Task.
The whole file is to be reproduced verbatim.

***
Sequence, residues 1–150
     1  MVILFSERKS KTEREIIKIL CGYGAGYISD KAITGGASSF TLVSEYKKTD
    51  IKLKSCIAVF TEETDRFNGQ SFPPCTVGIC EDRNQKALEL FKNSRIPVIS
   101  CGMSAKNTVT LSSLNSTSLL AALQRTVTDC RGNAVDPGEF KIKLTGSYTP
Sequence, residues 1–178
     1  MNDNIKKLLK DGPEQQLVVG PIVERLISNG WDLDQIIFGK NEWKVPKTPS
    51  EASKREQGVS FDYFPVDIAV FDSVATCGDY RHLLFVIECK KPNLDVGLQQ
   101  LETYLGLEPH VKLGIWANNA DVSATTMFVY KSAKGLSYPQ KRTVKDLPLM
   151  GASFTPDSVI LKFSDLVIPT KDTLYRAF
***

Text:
Sequence, residues 1–150
     1  MVILFSERKS KTEREIIKIL CGYGAGYISD KAITGGASSF TLVSEYKKTD
    51  IKLKSCIAVF TEETDRFNGQ SFPPCTVGIC EDRNQKALEL FKNSRIPVIS
   101  CGMSAKNTVT LSSLNSTSLL AALQRTVTDC RGNAVDPGEF KIKLTGSYTP
Sequence, residues 1–178
     1  MNDNIKKLLK DGPEQQLVVG PIVERLISNG WDLDQIIFGK NEWKVPKTPS
    51  EASKREQGVS FDYFPVDIAV FDSVATCGDY RHLLFVIECK KPNLDVGLQQ
   101  LETYLGLEPH VKLGIWANNA DVSATTMFVY KSAKGLSYPQ KRTVKDLPLM
   151  GASFTPDSVI LKFSDLVIPT KDTLYRAF